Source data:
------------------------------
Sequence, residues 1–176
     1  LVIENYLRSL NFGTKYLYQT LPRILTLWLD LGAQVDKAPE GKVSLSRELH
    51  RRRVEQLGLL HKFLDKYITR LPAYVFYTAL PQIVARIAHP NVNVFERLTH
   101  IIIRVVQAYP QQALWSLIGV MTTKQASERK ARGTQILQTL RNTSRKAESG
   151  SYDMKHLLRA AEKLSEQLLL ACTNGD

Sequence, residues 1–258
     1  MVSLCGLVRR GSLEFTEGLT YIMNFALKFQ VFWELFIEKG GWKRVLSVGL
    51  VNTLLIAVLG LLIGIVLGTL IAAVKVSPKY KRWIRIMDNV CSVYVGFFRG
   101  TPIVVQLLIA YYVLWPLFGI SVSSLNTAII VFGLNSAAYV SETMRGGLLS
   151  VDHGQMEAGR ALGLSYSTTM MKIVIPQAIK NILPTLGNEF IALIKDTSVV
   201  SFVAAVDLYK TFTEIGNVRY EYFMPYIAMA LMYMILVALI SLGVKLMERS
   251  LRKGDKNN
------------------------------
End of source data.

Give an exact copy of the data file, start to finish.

Sequence, residues 1–176
     1  LVIENYLRSL NFGTKYLYQT LPRILTLWLD LGAQVDKAPE GKVSLSRELH
    51  RRRVEQLGLL HKFLDKYITR LPAYVFYTAL PQIVARIAHP NVNVFERLTH
   101  IIIRVVQAYP QQALWSLIGV MTTKQASERK ARGTQILQTL RNTSRKAESG
   151  SYDMKHLLRA AEKLSEQLLL ACTNGD

Sequence, residues 1–258
     1  MVSLCGLVRR GSLEFTEGLT YIMNFALKFQ VFWELFIEKG GWKRVLSVGL
    51  VNTLLIAVLG LLIGIVLGTL IAAVKVSPKY KRWIRIMDNV CSVYVGFFRG
   101  TPIVVQLLIA YYVLWPLFGI SVSSLNTAII VFGLNSAAYV SETMRGGLLS
   151  VDHGQMEAGR ALGLSYSTTM MKIVIPQAIK NILPTLGNEF IALIKDTSVV
   201  SFVAAVDLYK TFTEIGNVRY EYFMPYIAMA LMYMILVALI SLGVKLMERS
   251  LRKGDKNN